The war in Afghanistan, which began in October 2001 as President Bush decided to make no distinction between al Qa'eda and any nation that harbours them, became President Obama's war on Tuesday when he ordered 17,000 American troops to join the 36,000-strong US force already there. The fact that the troops now heading for Afghanistan had originally been intended to deploy in Iraq reflects the new administration's shift in priorities.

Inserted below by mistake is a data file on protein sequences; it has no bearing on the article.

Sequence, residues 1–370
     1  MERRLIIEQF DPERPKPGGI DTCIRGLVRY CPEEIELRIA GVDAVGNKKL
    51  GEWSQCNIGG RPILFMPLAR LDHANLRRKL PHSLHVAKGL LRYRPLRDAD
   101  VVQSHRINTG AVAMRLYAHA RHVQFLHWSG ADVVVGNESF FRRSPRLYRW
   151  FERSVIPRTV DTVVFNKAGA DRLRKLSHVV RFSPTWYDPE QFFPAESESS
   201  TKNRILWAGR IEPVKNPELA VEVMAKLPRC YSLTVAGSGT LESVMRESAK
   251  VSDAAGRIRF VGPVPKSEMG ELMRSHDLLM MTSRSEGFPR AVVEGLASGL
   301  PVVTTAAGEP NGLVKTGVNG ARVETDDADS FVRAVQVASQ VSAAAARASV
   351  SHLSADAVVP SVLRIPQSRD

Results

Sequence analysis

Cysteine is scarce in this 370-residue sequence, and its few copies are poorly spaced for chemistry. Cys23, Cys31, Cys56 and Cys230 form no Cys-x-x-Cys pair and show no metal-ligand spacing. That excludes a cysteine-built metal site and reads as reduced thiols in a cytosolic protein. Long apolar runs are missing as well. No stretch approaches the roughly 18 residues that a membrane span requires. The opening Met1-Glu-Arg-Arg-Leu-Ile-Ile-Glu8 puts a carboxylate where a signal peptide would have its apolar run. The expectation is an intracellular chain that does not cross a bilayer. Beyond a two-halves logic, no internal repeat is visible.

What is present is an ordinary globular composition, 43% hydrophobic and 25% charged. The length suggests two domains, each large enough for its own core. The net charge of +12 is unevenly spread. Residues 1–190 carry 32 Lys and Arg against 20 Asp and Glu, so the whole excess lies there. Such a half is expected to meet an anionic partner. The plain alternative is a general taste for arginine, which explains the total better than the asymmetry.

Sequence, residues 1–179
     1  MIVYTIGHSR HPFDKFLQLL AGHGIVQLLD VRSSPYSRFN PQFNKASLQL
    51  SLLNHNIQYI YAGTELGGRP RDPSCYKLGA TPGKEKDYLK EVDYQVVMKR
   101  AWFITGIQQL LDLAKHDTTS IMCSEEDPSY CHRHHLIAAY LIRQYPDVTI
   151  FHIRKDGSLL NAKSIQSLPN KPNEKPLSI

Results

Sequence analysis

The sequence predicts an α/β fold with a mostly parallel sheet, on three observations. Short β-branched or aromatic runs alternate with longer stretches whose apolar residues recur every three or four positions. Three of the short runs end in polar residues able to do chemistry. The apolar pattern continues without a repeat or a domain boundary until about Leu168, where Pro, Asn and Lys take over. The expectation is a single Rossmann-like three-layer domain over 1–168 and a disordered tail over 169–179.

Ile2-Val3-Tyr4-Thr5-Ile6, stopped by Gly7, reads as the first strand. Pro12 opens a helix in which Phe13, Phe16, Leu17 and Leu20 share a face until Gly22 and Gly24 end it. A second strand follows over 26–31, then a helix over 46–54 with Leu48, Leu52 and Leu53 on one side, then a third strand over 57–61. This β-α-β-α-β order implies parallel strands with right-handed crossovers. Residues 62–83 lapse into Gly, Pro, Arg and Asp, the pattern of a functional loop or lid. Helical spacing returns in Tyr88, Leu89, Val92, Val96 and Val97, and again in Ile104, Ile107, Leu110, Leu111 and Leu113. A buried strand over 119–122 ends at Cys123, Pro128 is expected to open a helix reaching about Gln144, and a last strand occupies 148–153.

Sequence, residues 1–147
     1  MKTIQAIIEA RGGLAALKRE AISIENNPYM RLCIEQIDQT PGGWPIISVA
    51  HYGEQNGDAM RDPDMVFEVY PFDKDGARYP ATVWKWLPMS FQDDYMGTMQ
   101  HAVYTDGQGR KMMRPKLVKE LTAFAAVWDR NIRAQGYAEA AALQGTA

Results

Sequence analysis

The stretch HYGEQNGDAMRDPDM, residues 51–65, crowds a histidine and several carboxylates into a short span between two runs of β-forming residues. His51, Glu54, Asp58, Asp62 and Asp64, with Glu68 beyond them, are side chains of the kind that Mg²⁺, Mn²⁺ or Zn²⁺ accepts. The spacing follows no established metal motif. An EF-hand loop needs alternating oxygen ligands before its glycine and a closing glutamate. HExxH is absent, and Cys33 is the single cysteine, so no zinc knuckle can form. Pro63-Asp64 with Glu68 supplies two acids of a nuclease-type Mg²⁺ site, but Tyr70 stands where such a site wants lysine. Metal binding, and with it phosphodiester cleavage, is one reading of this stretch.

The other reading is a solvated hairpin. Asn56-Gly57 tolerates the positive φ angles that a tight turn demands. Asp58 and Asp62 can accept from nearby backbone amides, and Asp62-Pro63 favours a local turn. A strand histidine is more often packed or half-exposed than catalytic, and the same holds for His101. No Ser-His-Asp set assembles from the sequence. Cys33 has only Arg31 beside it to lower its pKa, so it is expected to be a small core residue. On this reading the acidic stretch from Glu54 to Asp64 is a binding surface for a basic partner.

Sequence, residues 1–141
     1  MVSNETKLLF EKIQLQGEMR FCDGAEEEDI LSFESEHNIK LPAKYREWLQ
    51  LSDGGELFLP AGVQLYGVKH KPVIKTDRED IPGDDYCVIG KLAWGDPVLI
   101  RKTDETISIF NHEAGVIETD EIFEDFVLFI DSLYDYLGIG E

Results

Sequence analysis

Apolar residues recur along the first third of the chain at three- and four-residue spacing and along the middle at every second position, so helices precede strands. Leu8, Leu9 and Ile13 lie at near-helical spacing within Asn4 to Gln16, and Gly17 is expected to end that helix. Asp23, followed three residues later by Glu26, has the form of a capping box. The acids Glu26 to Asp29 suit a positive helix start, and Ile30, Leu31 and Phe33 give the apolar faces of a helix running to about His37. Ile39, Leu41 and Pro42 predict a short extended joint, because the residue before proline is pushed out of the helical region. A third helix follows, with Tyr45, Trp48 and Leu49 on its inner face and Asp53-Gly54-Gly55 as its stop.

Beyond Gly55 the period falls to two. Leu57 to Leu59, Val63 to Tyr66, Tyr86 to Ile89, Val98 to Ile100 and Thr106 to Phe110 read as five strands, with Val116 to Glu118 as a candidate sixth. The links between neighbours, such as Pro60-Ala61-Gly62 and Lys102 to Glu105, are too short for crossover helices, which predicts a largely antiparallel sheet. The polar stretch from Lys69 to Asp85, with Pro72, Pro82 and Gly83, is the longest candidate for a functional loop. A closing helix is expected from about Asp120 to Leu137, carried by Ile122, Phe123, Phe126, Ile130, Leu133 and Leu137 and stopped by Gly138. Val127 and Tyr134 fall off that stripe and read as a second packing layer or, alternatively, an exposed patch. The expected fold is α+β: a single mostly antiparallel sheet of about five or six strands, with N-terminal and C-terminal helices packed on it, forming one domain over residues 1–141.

The war in Afghanistan, which began in October 2001 as President Bush decided to make no distinction between al Qa'eda and any nation that harbours them, became President Obama's war on Tuesday when he ordered 17,000 American troops to join the 36,000-strong US force already there. As Time magazine noted, the fact that the troops now heading for Afghanistan had originally been intended to deploy in Iraq reflects the new administration's shift in priorities. "Obama is keenly aware of the limitations on what his reinforcements can achieve. 'I am absolutely convinced that you cannot solve the problem of Afghanistan, the Taliban, the spread of extremism in that region solely through military means,' he told an interviewer on Tuesday. But more troops are needed simply to arrest and begin to reverse a perilous slide in Nato's fortunes in Afghanistan. "With the Taliban growing in confidence and feeling the wind at its back, the bad news out of Afghanistan just keeps getting worse for the US. Nato commanders have long expressed frustration at the failure of the Pakistani military to prevent Taliban and al Qa'eda fighters maintaining sanctuaries in Pakistan from which they can launch attacks inside Afghanistan. But Pakistan's announcement on Monday of a peace agreement to accommodate the domestic Taliban insurgency in the Swat Valley suggests that an all-out war against militants on their soil is not what Pakistan's generals have in mind. And the supply lines that funnel food, fuel and war materiel to US forces in Afghanistan, already imperiled by militant attacks in Pakistan, may face a further setback this week when the parliament in Kyrgyzstan votes on whether or not to kick the US out of the Manas airbase, which has played a key role in air support in Afghanistan... "Having watched rival armies fight their way back and forth across the country for the past 30 years since the Soviets invaded, Afghans have become adept at accommodating themselves with the likely winner at any given moment. Right now, the trends are not moving in Washington's favour, and that fact is recognised by the Afghan citizenry. 'There's been a major shift towards acceptance of the Taliban,' military scholar Anthony Cordesman told a congressional panel last week. He noted that polling in Afghanistan shows 'the number of people who feel the United States has performed well in Afghanistan has been cut in half in the last three years,' from 68 per cent in 2005 to 32 peer cent now." The New York Times reported: "The number of civilians killed in Afghanistan leapt by nearly 40 per cent last year, according to a survey released on Tuesday by the United Nations, the latest measure of how the intensifying violence between the Taliban and American-led forces is ravaging that country. "The death toll - 2,118 civilians killed in 2008, compared with 1,523 in 2007 - is the highest since the Taliban government was ousted in November 2001, at the outset of a war with no quick end in sight. "Civilian deaths have become a political flash point in Afghanistan, eroding public support for the war and inflaming tensions with President Hamid Karzai, who has bitterly condemned the American-led coalition for the rising toll. President Obama's decision to deploy more troops to Afghanistan raises the prospect of even more casualties." Britain's Foreign Secretary David Miliband, who is visiting British forces in Afghanistan, welcomed US plans to send additional troops but he added that Britain has no plans to increase its forces above the 9,000 already stationed in Afghanistan, The BBC reported. Meanwhile, although Pakistan's leaders have publicly denounced US missile strikes from unmanned Predator aircraft as an attack on the country's sovereignty, The Wall Street Journal reported that privately Pakistani military and intelligence officers are aiding these attacks and have given significant support to recent US missions, according to officials from both countries. "Maj Gen Akhtar Abbas, a spokesman for the military, said Pakistan and the US 'have a long history of military cooperation and intelligence sharing.' But he said it doesn't include the missile strikes. 'We have made our opposition clear,' he said. 'The strikes are counterproductive.' "But other Pakistani officials say there has been a shift in Pakistan's private response to US insistence the strikes go ahead. Initially, Pakistani complaints were genuine, these officials say, and reflected widespread discontent with the US-led war on terror. "But after Pakistan's complaints were repeatedly rebuffed by the US and with the Taliban making gains against the Pakistani military and the police, these officials say President Asif Ali Zardari and top military leaders decided in recent months to aid the American effort in the hopes it will help them regain control over the tribal areas. The Taliban and al Qa'eda have flourished in those areas bordering Afghanistan since 2001. The cooperation also could prove as a counterbalance to US displeasure over a peace deal announced on Monday with a Taliban faction in Swat Valley. "The protests are 'really for the sake of public opinion,' said one Pakistani official. 'These operations are helping both sides. We are partners on this.' " The report also said: "Further evidence of the close working relationship between the two countries came last week, when Sen Dianne Feinstein, a California Democrat who is chairwoman of the Senate Intelligence Committee, said the Predators are flown out of a base in Pakistan, not US bases in Afghanistan, as many counterterrorism analysts had believed. "Her spokesman, Phil LaVelle, later said she was referring to a 'front-page Washington Post story in March.' But she made no reference to news reports in her remarks. Pakistan has since denied Ms Feinstein's account, but former US intelligence officials confirmed that it was accurate, lamenting the fact she stated it publicly. 'It was a big mistake on her part,' said one." In a later report, The Times both named and published photographs of an airbase from which it alleged unmanned aircraft were being flown. "The US was secretly flying unmanned drones from the Shamsi airbase in Pakistan's southwestern province of Baluchistan as early as 2006, according to an image of the base from Google Earth. "The image - that is no longer on the site but which was obtained by The News, Pakistan's English language daily newspaper - shows what appear to be three Predator drones outside a hangar at the end of the runway. The Times also obtained a copy of the image, whose co-ordinates confirm that it is the Shamsi airfield, also known as Bandari, about 200 miles south-west of the Pakistani city of Quetta. "An investigation by The Times yesterday revealed that the CIA was secretly using Shamsi to launch the Predator drones that observe and attack al Qa'eda and Taliban militants around Pakistan's border with Afghanistan."